At the time, our kids were studying California history in school; we had over many weekends seen all the missions near the Bay Area, as well as ones by the central coast, and wanted to finish seeing the remaining 6 southern-most missions. Being based in the Bay Area, seeing those in the south would be the most effort, so we attempted to do as part of a special trip.
By this point, our then-9 and 10 year-old boys were rolling their eyes a bit at the whole endeavor. To sweeten the deal for them, we decided to take a long weekend, go to Universal Studios that Saturday, then see as many of the remaining missions the next day Sunday, with the Monday (Columbus day?) after that left open.
We did see the 6 missions from San Diego to Ventura in a single day, though in retrospect, it was a very aggressive trip. We’d definitely recommend that if you can, to spread over a couple days. For us, it involved arriving at the San Diego mission right before the 9am opening time, and finishing at Ventura at 4:45pm, right before closing. We had left open options for the following day, but for the kids, decided that a brisk finish would hold their attention the best.
Alas, we also did not take many pictures- this is never a problem for us when we go far away, but maybe it’s something about visiting sites in one’s home state? That said, we thought we’d write up a few thoughts about our favorites, since there were some nice ones in the group.
Southern California Missions
The 6 missions between San Diego and Ventura are as follows:
- San Diego: Mission San Diego de Alcalá
- Oceanside: Mission San Luis Rey de Francia
- San Juan Capistrano: Mission San Juan Capistrano
- San Gabriel Valley: San Gabriel Arcángel
- San Fernando Valley: Mission San Fernando Rey de España
- Ventura: Mission San Buenaventura
We don’t include Santa Barbara on this list, since we saw that one on a separate trip, but it’s definitely a popular one to visit (“Queen of the Missions”).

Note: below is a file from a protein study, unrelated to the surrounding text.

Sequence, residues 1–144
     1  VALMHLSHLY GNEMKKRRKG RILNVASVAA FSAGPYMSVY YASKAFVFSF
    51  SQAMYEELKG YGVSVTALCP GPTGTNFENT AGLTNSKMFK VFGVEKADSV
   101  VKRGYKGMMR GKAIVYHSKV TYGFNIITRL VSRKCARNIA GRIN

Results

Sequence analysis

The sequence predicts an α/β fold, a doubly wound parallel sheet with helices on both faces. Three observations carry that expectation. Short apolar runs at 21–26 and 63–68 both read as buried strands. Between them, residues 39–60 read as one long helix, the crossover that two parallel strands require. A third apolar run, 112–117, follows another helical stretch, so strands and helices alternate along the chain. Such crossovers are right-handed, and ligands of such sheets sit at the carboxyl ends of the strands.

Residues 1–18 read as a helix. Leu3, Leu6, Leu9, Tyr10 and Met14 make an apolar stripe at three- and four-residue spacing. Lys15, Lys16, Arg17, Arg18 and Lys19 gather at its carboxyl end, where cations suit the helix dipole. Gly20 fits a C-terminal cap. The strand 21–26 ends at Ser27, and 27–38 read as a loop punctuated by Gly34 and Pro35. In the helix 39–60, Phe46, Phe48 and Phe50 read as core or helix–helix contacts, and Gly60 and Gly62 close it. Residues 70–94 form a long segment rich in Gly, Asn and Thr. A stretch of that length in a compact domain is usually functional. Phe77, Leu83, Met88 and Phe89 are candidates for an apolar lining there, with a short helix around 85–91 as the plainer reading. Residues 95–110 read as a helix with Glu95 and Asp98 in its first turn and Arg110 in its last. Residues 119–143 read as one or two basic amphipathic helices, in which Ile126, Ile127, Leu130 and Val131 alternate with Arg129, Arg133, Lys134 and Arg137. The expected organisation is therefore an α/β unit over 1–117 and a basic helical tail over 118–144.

Mission San Juan Capistrano
Mission San Juan Capistrano in Orange County was our favorite of the set – it was a fairly sprawling complex with plenty of exhibits, old archeological remains, and restored rooms. Had we had the presence of mind to photograph more on this trip, we could have written up a decent blog post with just the pictures of this one. If you want one to see in Southern California, this is a great choice.
Mission San Diego de Alcalá
This mission in San Diego was the first of the 21 missions to built, in 1769. It’s known for the iconic large bell tower out front. We had been to this one years before with the kids, and it’s always a favorite, though not as large as a few of the others.
Mission San Luis Rey (Oceanside)
This spacious mission in Oceanside, right after the San Diego one, was a nice surprise; there’s a very large garden and exhibits in the middle.
Mission San Fernando
We’d like to go back to Mission San Fernando to see it somewhat better. We really liked the lush, secluded grounds in this one, and we were able to walk many displays in the museum. But, due to a wedding starting near the time we arrived, we didn’t get much of a view of the church – this is a caveat to be aware of when visiting the missions on the weekend.
Mission San Buenaventura
The Mission in Ventura was actually the final one of the 21 missions that we saw – there was a bit of rejoicing from our kids. It was a perfectly nice mission to visit – well-kept up, near the beach, and with a nice garden. Our time was a bit brief as we arrived at roughly 4:20pm, with a 5pm closing time. It was a bit on the smaller side, though plenty nice.
Mission San Gabriel
San Gabriel felt a somewhat smaller than many of the others, and honestly didn’t stand out as much to us. Perhaps this was a bit of “mission fatigue”?
Our way back home
We had left open two days to see these missions, but given the kids’ interested, they were happy we finished up in one long day. We had dinner in Ventura, and spent the night a bit further up the coast.
The following day, we ended up seeing Hearst Castle on the way back up to the Bay Area. It’s not related to the Spanish missions, but it’s definitely a very worthwhile destination to see, if you happen to be on the California central coast.